Recent Changes in Statutory Corporate Income Tax Rates in Europe

September 10, 2020

Over the last two decades, corporate income tax rates have declined around the world. Today’s map shows the most recent changes in corporate tax rates in European OECD countries, comparing how combined statutory corporate income tax rates have changed between 2017 and 2020. The average tax rate of all European countries covered has declined from 22.8 percent in 2017 to 21.9 percent in 2020.

Combined statutory corporate income tax rates capture central and subcentral corporate income tax rates. Statutory tax rates do not necessarily reflect the actual tax burden of a business as they do not capture adjustments in the tax base. Effective corporate income tax rates, on the other hand, reflect both statutory tax rates and provisions impacting the tax base, such as capital allowances, inventory valuation methods, or international tax rules.

Recent changes in statutory corporate income tax rates in Europe, 2020 corporate tax trends in Europe


Belgium lowered its combined statutory corporate income tax from 34 percent in 2017 to 29.6 percent in 2018. In 2020, the rate was further reduced to 25 percent. Since 2018, small and medium-sized businesses are subject to a reduced rate of 20 percent on the first €100,000 (US $118,000) in taxable profits.


France currently levies a standard top corporate income tax rate of 31 percent and a 3.3 percent surcharge, resulting in a combined statutory rate of 32.02 percent. In 2017, France levied a temporary one-off surtax on corporate profits of businesses with revenues exceeding €250 million (US $295 million) at a rate of 10.7 percent. This surtax was removed in 2018, reducing the top combined statutory rate from 44.4 percent in 2017 to 34.4 percent in 2018. France has further rate cuts scheduled, leading to a combined rate of 25.8 percent by 2022.


In 2019, Greece reduced its corporate rate from 29 percent to 28 percent, and then to 24 percent.


Latvia adopted a cash-flow tax model in 2018, replacing its business income tax. Under the new model, corporate income taxes will only be collected when profits are distributed to shareholders. Although this tax reform resulted in a corporate tax rate of 20 percent compared to a rate of 15 percent in the previous system, a cash-flow tax significantly improves the competitiveness of a tax code.


Luxembourg’s combined corporate income tax rate has been reduced gradually from 27.1 percent in 2017 to 26 percent in 2018, 25 percent in 2019, and 24.9 percent in 2020.


Norway reduced its corporate tax rate from 24 percent in 2017 to 23 percent in 2018 and 22 percent in 2019.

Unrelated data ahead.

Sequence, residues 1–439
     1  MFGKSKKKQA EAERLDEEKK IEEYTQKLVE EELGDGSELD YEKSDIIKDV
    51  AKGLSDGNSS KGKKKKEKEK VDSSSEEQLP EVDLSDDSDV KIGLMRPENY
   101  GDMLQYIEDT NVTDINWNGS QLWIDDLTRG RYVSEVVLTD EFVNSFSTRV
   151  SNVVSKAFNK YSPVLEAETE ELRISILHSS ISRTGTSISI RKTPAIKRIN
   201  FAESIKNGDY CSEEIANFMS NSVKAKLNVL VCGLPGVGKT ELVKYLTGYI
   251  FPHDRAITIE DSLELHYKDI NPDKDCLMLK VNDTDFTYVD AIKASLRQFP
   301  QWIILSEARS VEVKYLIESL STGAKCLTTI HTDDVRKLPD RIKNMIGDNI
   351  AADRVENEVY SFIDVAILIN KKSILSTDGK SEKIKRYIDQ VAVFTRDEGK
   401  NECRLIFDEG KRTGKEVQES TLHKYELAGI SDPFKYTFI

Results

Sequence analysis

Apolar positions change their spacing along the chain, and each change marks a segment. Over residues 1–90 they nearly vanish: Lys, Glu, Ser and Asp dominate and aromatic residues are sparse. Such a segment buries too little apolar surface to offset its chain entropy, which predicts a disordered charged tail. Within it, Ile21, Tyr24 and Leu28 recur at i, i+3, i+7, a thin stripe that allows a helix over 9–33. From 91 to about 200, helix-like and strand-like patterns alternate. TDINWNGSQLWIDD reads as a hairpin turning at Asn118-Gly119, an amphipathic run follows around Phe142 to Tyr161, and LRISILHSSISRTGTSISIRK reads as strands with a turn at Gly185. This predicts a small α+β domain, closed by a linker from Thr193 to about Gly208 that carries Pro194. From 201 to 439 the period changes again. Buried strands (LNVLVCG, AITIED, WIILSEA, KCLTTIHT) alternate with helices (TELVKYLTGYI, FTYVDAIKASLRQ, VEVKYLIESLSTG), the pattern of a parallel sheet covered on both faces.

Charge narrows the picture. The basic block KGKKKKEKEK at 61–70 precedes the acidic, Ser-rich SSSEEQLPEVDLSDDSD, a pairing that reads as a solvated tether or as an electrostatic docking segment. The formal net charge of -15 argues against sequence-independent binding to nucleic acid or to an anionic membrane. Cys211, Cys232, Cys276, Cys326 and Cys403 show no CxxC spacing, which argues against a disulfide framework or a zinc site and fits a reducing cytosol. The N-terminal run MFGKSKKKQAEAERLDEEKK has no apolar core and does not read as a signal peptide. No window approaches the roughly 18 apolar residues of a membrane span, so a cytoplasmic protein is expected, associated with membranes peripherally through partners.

Portugal is one of the three European countries covered in today’s map that has increased its top combined corporate tax rate (with Turkey and Latvia). In 2018, Portugal’s state surcharge was increased from 7 percent to 9 percent on profits exceeding €35 million (US $41 million), resulting in an increase in the top combined rate from 29.5 percent to 31.5 percent.


Sweden legislated a decrease in its corporate tax rate, from 22 percent in 2018 to 21.4 percent in 2019. A further reduction to 20.6 percent is scheduled for 2021.


In 2018, Turkey increased its statutory rate from 20 percent to 22 percent for the years 2018, 2019, and 2020.

Changes in Top Combined Statutory Corporate Income Tax Rates in European OECD Countries
Country 2017 Tax Rates 2018 Tax Rates 2019 Tax Rates 2020 Tax Rates

Belgium (BE)

34.0% 29.6% 29.6% 25.0%

France (FR)

44.4% 34.4% 34.4% 32.0%

Greece (GR)

29.0% 29.0% 28.0% 24.0%

Latvia (LV)

15.0% 20.0% 20.0% 20.0%

Luxembourg (LU)

27.1% 26.0% 25.0% 24.9%

Norway (NO)

24.0% 23.0% 22.0% 22.0%

Portugal (PT)

29.5% 31.5% 31.5% 31.5%

Sweden (SE)

22.0% 22.0% 21.4% 21.4%

Turkey (TR)

20.0% 22.0% 22.0% 22.0%

Source: OECD, “Tax Policy Reforms 2020,” Sept. 3, 2020,; OECD.Stat, “Tax Database: Table II.1 Statutory corporate income tax rate,” 2020,

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A tax is a mandatory payment or charge collected by local, state, and national governments from individuals or businesses to cover the costs of general government services, goods, and activities.

A capital allowance is the amount of capital investment costs, or money directed towards a company’s long-term growth, a business can deduct each year from its revenue via depreciation. These are also sometimes referred to as depreciation allowances.

International tax rules apply to income companies earn from their overseas operations and sales. Tax treaties between countries determine which country collects tax revenue, and anti-avoidance rules are put in place to limit gaps companies use to minimize their global tax burden.

The tax base is the total amount of income, property, assets, consumption, transactions, or other economic activity subject to taxation by a tax authority. A narrow tax base is non-neutral and inefficient. A broad tax base reduces tax administration costs and allows more revenue to be raised at lower rates.

A corporate income tax (CIT) is levied by federal and state governments on business profits. Many companies are not subject to the CIT because they are taxed as pass-through businesses, with income reportable under the individual income tax.

The average tax rate is the total tax paid divided by taxable income. While marginal tax rates show the amount of tax paid on the next dollar earned, average tax rates show the overall share of income paid in taxes.